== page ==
10. Comment by Stroma posted on

    This is also not a picture I recognise. I do not think HMRC is an inspiring place to work & would not recommend HMRC to anyone. Continual job cuts, pay freezes & a management that is two-faced is the norm. The PMR system is also a pet hate. It should be an enjoyable experience not one that everyone dreads when it comes along. The emphasis that is constantly being made on customer service is also very frustrating. What happened to showing some empathy for staff members?

  11. Comment by Andrew Tolfree posted on

    Inspiration is an interesting concept so I shall share my experiences - I have submitted many ideas and proposals; I have voiced concerns and proposals and I have performed my day job. There are many frustrations about how we do our day jobs and these are all valid as the causes are ridiculous, but that is not what I wanted to talk about........

    I have had proposals, ideas and statements I have made utterly shutdown, but not in a unmotivating way and certainly not in an unprofessional way and these have upset me and I still to this day feel the wrong decision was made and that has, at times, made me feel despondent about work. I have even had hours - a while ago whole days where I have not tried at all, but this is not what I wanted to talk about.......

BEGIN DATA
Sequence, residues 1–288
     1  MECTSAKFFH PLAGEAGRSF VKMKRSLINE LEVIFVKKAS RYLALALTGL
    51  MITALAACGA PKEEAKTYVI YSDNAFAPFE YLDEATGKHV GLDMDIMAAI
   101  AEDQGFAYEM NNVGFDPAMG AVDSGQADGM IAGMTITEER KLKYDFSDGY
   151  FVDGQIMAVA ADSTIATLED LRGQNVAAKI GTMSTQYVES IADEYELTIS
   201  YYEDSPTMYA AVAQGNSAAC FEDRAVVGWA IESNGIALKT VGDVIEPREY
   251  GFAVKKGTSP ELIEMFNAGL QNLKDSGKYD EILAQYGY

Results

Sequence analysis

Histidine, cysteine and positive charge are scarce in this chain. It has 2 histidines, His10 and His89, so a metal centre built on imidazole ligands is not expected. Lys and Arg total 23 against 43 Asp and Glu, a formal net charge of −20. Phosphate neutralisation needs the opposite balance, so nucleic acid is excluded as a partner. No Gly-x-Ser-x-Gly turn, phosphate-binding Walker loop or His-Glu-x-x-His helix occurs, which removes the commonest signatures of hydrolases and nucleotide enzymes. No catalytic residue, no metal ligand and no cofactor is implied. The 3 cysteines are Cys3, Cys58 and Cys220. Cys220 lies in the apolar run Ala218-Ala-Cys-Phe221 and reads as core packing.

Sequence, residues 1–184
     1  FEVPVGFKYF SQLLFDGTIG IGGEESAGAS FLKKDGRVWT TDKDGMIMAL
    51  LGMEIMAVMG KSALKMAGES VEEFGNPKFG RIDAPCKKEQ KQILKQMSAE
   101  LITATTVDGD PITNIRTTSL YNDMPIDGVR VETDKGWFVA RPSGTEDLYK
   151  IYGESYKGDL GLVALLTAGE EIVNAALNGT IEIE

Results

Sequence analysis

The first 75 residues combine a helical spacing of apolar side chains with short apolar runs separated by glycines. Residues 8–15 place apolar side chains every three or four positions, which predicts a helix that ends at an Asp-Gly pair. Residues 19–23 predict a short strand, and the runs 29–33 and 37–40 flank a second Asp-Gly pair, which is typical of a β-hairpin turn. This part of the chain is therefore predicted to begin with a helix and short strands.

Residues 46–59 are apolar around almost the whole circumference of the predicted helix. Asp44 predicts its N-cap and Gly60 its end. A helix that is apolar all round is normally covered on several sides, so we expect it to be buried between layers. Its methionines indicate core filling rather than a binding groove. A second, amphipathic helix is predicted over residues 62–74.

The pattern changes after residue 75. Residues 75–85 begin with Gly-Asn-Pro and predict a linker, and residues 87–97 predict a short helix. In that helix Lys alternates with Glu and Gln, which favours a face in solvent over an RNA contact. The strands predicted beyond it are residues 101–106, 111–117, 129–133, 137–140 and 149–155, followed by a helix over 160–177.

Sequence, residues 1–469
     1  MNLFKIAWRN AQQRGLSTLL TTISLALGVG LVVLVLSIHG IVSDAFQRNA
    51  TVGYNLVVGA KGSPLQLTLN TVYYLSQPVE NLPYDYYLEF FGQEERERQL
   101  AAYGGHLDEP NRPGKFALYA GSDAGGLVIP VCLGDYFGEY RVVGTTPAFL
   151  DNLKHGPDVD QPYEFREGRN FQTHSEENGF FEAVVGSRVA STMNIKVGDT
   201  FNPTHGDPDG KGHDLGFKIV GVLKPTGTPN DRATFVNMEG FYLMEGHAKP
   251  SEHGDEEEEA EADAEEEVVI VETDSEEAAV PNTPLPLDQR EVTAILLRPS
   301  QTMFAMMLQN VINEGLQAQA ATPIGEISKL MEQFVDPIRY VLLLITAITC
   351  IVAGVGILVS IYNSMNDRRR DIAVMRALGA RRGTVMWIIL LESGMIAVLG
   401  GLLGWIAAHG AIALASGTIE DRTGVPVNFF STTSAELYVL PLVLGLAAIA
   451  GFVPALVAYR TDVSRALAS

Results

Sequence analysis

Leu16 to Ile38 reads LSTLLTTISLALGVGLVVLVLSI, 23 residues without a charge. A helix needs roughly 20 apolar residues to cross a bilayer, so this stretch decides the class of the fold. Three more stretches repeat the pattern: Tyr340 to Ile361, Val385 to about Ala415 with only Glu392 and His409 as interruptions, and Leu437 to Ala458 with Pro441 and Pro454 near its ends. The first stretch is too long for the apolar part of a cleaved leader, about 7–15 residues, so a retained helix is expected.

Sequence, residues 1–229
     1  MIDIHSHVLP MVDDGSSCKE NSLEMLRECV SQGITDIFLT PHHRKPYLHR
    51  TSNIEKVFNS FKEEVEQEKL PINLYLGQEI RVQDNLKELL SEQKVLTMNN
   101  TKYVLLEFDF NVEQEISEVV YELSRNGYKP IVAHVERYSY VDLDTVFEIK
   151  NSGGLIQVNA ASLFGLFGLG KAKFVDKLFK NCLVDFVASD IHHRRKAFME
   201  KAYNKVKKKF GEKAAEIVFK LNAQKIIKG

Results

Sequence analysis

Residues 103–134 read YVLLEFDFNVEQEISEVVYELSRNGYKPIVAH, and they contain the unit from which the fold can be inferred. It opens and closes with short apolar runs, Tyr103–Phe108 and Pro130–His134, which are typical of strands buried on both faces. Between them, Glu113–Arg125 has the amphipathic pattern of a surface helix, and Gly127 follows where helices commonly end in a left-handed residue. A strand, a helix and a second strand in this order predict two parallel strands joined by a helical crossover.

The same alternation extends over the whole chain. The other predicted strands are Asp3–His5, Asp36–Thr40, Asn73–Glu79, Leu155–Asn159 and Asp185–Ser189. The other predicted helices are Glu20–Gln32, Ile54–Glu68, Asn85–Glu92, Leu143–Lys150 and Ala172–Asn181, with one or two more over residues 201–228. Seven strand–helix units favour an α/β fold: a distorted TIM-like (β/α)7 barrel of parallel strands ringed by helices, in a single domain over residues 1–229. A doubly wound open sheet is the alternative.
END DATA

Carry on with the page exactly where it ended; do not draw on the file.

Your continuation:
I learnt on the football pitch that if your manager doesn't pick you for the first team it doesn't matter how good you think you are or even how good you actually are - if you haven't been recognised then there are two ways to make sure you're picked next time:
    1) Join another team in the hope the manager is wrong
    2) Work chuffing harder until the manager does see it.

    I could tell you that I am feeling underused in this department - I am at virtually the bottom of my pay grade since becoming an HO in 2009; my small ideas are taken up and my grand ideas are seemingly ignored; I am not challenged at all in my current grade and I have failed to score more than 1 out of 7 on any competency - and some decisions made by other people I feel I have proven are demonstrably wrong, so what do I think about inspiration and leaders and future strengths?

    Well either I will leave in the hope that another manager or firm will see how good I am, but until that day I will work chuffing harder proving my use and that challenge is inspiring because nothing makes you feel better than finally proving to nobody and everybody that you were good all along.